Sand paper

Discussion in 'Finely Finished' started by LunarSlingShot, Jun 19, 2019.

  1. LunarSlingShot

    LunarSlingShot Tele-Meister

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    Painting over a poly finish. What grit sand paper do you recommend using to scuff the finish?

    Will a scotch brite pad suffice? Steel wool?
     
  2. Blue Bill

    Blue Bill Poster Extraordinaire Ad Free Member

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    I would start with 400. If it seems too rough, go higher. 600 or 800 should be fine. (no pun intended.)

    I would guess steel wool would have a tough time cutting. Scotchbrite would probably work, but would take a lot more effort. Experimenting will answer your question.
     
  3. LunarSlingShot

    LunarSlingShot Tele-Meister

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    thanks, I just didn't want to use something way to rough to start with.
     
  4. jvin248

    jvin248 Poster Extraordinaire

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    320 is quite popular for this task, close to the 400 previously recommended.
    I have also heard that going much higher can be counter-productive as you are starting to polish rather than prep the surface for paint to stick to, think gear teeth and grip for that top coat.


    Steel wool should have 100 foot restraining orders on the box regarding guitars -- the broken bits find their way to the pickups, eventually abrading the magnet wire coating and shorting out your pickup in the worst case.

    .
     
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  5. Informal

    Informal Tele-Holic

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    If you're refinishing your guitar with the pickups still in place, you deserve all the bad things that follow. :p
     
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  6. LunarSlingShot

    LunarSlingShot Tele-Meister

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    exactly what I was thinking.....I've already completely disassembled it.
     
  7. eallen

    eallen Tele-Afflicted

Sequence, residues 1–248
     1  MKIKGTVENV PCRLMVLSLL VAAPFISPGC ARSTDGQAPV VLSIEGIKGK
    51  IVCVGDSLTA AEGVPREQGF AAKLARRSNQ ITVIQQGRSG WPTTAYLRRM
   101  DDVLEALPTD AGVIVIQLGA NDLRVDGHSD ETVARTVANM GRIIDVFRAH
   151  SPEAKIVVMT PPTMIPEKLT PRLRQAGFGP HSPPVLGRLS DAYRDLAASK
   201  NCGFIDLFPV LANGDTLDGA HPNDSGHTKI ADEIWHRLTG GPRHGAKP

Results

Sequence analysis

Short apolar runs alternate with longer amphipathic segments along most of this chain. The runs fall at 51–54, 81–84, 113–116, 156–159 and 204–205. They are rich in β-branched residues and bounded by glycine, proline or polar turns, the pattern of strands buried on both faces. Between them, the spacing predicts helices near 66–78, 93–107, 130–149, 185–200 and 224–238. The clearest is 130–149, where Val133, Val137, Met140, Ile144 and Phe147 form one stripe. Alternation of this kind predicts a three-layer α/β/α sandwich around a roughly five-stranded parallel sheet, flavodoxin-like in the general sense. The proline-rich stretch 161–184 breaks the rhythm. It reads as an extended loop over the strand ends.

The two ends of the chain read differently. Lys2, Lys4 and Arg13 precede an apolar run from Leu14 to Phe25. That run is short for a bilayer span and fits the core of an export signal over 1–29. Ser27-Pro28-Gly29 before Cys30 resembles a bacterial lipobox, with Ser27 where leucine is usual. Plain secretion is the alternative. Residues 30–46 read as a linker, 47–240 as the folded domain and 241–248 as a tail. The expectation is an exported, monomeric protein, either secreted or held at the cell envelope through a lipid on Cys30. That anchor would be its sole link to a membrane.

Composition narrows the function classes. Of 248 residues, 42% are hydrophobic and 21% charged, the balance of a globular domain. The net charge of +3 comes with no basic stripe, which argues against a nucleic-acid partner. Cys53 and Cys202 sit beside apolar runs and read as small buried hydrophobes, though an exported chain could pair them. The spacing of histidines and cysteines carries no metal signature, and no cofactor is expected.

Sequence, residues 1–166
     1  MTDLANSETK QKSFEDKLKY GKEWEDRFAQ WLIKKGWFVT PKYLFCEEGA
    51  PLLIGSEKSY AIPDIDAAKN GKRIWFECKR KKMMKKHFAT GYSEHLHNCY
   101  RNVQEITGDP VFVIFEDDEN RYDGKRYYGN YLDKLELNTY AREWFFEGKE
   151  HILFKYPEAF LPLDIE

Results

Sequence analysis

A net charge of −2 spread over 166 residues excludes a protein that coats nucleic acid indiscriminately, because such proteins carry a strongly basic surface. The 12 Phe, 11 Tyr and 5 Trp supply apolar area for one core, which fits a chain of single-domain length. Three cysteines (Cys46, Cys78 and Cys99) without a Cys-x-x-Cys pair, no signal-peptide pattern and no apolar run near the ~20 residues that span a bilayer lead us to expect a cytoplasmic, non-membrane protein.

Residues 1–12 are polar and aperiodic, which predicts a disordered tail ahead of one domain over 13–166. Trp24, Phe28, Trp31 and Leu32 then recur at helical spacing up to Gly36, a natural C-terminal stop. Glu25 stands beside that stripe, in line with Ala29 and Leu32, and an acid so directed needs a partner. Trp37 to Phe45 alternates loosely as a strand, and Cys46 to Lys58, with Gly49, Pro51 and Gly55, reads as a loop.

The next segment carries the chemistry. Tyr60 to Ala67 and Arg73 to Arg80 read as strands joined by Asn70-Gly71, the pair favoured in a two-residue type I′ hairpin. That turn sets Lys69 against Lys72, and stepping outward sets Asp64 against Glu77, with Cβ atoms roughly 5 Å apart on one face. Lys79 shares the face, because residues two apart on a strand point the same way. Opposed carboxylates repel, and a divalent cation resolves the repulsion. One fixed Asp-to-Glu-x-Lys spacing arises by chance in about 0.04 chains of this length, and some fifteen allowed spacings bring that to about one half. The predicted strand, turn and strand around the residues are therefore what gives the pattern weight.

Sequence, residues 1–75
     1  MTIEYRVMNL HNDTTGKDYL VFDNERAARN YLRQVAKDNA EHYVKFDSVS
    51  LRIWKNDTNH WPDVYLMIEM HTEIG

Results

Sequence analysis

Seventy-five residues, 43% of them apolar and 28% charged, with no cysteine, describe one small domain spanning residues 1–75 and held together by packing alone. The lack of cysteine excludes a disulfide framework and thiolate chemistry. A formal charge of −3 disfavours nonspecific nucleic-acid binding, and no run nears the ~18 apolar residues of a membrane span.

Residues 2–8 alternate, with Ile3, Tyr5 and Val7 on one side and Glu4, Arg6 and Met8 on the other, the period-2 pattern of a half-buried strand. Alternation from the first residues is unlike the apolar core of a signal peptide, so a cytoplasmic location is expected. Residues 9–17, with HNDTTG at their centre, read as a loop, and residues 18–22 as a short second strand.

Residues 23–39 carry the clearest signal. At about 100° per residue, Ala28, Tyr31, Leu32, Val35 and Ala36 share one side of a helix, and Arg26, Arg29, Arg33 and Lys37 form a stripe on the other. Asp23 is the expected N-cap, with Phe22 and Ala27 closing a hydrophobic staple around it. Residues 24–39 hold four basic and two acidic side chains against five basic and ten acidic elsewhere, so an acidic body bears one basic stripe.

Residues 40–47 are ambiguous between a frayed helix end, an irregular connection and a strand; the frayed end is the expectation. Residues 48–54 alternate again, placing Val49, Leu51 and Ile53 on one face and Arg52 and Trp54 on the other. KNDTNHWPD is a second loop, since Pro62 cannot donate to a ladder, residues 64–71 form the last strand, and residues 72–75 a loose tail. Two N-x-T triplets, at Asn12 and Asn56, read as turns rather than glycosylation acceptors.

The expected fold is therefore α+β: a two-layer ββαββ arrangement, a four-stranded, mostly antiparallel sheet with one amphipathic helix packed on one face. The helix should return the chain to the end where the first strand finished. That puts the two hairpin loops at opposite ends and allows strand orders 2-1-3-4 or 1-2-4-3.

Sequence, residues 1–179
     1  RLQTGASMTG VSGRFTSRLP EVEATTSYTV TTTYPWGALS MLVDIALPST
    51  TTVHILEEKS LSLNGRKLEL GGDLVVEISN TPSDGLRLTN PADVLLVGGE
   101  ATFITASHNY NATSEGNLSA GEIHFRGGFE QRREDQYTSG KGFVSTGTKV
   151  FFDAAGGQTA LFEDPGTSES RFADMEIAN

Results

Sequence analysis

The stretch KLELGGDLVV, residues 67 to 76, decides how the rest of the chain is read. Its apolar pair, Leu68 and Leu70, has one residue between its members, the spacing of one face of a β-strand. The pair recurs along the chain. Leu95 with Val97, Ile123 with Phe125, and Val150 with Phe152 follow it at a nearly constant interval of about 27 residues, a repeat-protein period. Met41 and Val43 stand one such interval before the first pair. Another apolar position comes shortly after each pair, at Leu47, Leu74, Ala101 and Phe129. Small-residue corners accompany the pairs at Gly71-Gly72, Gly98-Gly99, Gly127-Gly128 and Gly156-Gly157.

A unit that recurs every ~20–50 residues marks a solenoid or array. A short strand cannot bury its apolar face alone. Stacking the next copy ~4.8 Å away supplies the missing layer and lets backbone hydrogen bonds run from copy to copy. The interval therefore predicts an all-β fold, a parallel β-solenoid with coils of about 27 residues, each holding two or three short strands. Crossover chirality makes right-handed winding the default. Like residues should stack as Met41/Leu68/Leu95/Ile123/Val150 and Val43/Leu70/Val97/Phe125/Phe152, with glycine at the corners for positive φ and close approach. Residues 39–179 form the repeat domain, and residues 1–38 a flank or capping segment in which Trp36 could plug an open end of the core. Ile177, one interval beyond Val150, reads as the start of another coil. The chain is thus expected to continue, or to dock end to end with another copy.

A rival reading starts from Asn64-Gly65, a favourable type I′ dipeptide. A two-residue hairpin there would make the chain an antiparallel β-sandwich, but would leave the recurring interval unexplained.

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    To get new finish to adhere well to a current one, except laquer on lacquer, use 320 and no higher than 400 grit. The surface needs some texture for the new to grab ahold of.

    Eric
     
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  8. LunarSlingShot

    LunarSlingShot Tele-Meister

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    Do you think 220 is too coarse?
     
  9. telepraise

    telepraise Tele-Meister

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    220 should be OK if you're putting a thick, opaque color coat down. Wet/dry auto paper with a lubricant is the most pleasant way to do this task.
     
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  10. Finck

    Finck Tele-Afflicted

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    In my opinion, use a paper that's is just sufficient to let the surface dull. Too coarse grit and you'll end with unnecessary scratches, too fine grit and you'll get no results. Personally, I'd choose 400 or even 600 wet grit (last one using more pressure than usual on a polish job). But it's just me...
     
  11. Silverface

    Silverface Poster Extraordinaire Ad Free Member

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    I don't understand how anyone can answer the question. There is absolutely not enough information.

    "Painting" with what? Over what "Poly" finish?

    "Poly" has become a generic term for just about any glossy, non-lacquer guitar finish, most of which, on newer guitars, are not conventional polyurethanes or polyesters.

    "Painting", on the other hand, is not generally a term used for guitar finishing, which does not involve conventional "paints". "Paint" generally refers to oil based and water based enamels and water based wall paints.

    For some finishes suitable for application over polyurethanes and polyesters sanding alone would not be recommended. A coat of adhesion promoting primer may be necessary in addition to sanding. The same may be needed over a finish you *think* is a "poly".

    So it's critical to know what you plan to apply and what guitar you are finishing (specific brand/model/year could be very helpful).
     
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  12. LunarSlingShot

    LunarSlingShot Tele-Meister

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    I am refinishing a classic vibe custom telecaster (2015-17 I think?). The bridge has been cut in half and it had been routed for a humbucker in the bridge (poorly in my opinion). So it will never be a true telecaster anymore. decided I would just take it a step further and (to cover the poor routing) I would turn it into a tele deluxe with the big pickguard.

    I plan on shooting over it with rattle cans.
     
  13. Silverface

    Silverface Poster Extraordinaire Ad Free Member

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    Which is coated with a thin-film, catalyzed, hard polyester finish.

    Sorry, that's not enough info yet. "Rattle cans" contain anything from oil-based enamel to shellac to lacquer to urethanes to water based finishes, heat-resistant coatings, epoxy-fortified coatings, textured paints and compressed nitrogen.